UF ranks in Top 5 for number of student posters presented at ASHP Clinical Midyear Meeting: Pharm.D. students presented 46 posters at the meeting in Orlando
With 46 students presenting, the University of Florida College of Pharmacy ranked among the Top 5 pharmacy colleges nationally for the number of students presenting a poster at the American Society of Health-System Pharmacists, or ASHP, Clinical Midyear Meeting in Orlando, Dec. 3–7.
The meeting, which is the world’s largest pharmacy event in the world, brought together more than 25,000 pharmacy professionals. It featured former first lady Michelle Obama as the keynote speaker and included sessions about combatting opioid abuse and programming for small and rural hospitals.
The poster sessions, which took place over three days, included 1,970 poster presentations from across the nation.
View more photos from the event.
Poster Session Highlights
Third-year Pharm.D. students Christine Tabulov, Sarah Mayer and Tammy Li presented a poster titled, “Retrospective Analysis of Outpatient Anti-infective Prescribing in a Student-Run Free Clinic.”
The student pharmacists, who all study at the Gainesville campus, aimed to measure the appropriateness of prescribing patterns using national guidelines and local antibiograms at the student-run Equal Access Clinic Network in Gainesville. The student pharmacists compared their data to the 85 percent benchmark set by the White House’s 2015 “National Action Plan for Combating Antibiotic Resistant Bacteria,” or CARB.
“We aimed to determine if anti-infective prescribing was deemed appropriate or inappropriate compared to the 85 percent benchmark set by CARB,” Tabulov said. “We also aimed to determine what infectious diseases needed improvement in anti-infective prescribing.”
Of their sample size of 189 antibiotics prescribed in 2015 and 2016, only 57 percent were appropriately prescribed. But the level of appropriate prescriptions varied greatly depending on the condition being treated. Antibiotic prescription appropriateness for sexually transmitted diseases nearly met the 85 percent benchmark, at 82 percent, while treatment for urinary tract infections fell far below it at 10 percent.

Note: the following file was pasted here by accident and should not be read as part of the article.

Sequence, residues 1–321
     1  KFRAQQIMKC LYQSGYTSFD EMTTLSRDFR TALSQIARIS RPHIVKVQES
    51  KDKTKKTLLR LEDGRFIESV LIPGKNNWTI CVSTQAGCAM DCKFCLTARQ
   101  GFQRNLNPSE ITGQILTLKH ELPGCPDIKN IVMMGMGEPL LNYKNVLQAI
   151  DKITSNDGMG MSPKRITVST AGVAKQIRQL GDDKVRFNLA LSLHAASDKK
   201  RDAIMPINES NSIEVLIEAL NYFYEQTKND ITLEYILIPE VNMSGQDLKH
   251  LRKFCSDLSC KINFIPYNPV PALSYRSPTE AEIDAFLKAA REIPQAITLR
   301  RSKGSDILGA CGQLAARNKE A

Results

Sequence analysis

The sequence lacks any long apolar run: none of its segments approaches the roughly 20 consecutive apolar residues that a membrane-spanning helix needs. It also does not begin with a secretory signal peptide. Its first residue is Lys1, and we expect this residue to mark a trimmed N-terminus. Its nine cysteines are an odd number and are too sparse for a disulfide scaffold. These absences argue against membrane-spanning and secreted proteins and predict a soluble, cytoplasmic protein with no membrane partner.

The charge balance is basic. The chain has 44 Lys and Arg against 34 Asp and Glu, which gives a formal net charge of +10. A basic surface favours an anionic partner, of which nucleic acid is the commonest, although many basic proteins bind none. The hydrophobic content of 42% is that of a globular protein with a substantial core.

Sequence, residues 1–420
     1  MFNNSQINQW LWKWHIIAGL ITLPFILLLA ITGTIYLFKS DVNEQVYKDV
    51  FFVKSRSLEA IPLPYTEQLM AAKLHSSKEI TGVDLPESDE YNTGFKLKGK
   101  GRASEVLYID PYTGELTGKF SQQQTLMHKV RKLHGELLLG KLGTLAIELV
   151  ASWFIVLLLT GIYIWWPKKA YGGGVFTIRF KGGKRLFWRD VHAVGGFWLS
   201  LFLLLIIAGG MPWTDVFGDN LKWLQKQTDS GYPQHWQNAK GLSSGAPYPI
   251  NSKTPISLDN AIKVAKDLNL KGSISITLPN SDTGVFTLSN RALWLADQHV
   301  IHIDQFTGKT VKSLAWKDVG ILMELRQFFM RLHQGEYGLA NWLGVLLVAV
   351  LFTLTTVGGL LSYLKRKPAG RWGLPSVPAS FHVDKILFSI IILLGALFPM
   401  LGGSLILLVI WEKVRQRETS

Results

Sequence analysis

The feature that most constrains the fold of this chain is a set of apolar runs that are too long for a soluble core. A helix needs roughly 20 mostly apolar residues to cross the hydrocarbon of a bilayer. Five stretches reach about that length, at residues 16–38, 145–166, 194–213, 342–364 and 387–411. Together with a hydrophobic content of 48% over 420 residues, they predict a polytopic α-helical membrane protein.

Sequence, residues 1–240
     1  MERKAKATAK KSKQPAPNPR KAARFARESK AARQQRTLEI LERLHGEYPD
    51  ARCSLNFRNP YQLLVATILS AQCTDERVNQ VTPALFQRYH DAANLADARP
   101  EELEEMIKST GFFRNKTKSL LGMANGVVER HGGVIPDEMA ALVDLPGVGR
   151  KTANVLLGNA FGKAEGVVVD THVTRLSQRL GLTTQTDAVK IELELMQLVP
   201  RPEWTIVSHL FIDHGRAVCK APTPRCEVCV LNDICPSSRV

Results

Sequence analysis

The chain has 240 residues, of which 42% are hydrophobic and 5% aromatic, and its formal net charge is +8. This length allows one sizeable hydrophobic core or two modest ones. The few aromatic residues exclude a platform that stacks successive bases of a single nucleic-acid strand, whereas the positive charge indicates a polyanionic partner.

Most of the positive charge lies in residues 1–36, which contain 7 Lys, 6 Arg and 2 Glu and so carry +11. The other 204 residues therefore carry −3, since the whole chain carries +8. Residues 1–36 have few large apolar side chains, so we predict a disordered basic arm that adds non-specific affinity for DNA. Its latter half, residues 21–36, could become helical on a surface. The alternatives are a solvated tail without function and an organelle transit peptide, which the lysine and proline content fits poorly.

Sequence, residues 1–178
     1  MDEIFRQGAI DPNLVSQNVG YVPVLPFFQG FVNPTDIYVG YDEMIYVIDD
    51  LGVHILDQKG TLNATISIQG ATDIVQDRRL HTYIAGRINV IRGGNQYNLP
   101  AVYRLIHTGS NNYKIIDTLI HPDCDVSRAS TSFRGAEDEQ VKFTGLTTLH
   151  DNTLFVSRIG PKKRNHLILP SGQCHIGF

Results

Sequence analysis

“Taking the results of this study into account, it’s important to implement a pharmacy student-run antimicrobial stewardship program at the Equal Access Clinic,” Mayer said. Such a program would improve usage of antimicrobials, “and would also prevent the emergence of antimicrobial resistance, improve patient safety and preserve the efficacy of existing antimicrobials,” Li said.
Katherine Riden, a third-year Pharm.D. student at the Gainesville campus, presented a poster titled “Genetic Polymorphism in Nitric Oxide Synthase is Associated with Pulmonary Hypertension Severity in Heart Failure Patients.”
Riden hypothesized that nitric oxide synthases may play a role in pulmonary hypertension severity of heart failure patients. She aimed to measure associations between genetic variations in endothelial nitric oxide synthase, or eNOS, and the severity of pulmonary hypertension in heart failure patients.
Overall, 134 patients were included in her analyses. Genetic variation in eNOS was significantly associated with both pulmonary capillary wedge pressure and trans-pulmonary gradient in patients with pulmonary hypertension associated with left heart failure.
Riden’s research suggests that eNOS is associated with combined pre- and post-capillary pulmonary hypertension. But the worsening of trans-pulmonary gradient and diastolic pressure gradient indicates that the severity of these patients’ pulmonary hypertension may not be linked to the severity of their heart failure. If eNOS is involved with worsening patients with pulmonary hypertension associated with left heart failure, it would provide an important lead for novel treatment development.
In addition, assessing eNOS variation might help predict which patients will develop more severe pulmonary hypertension, identifying them as candidates for more aggressive treatment.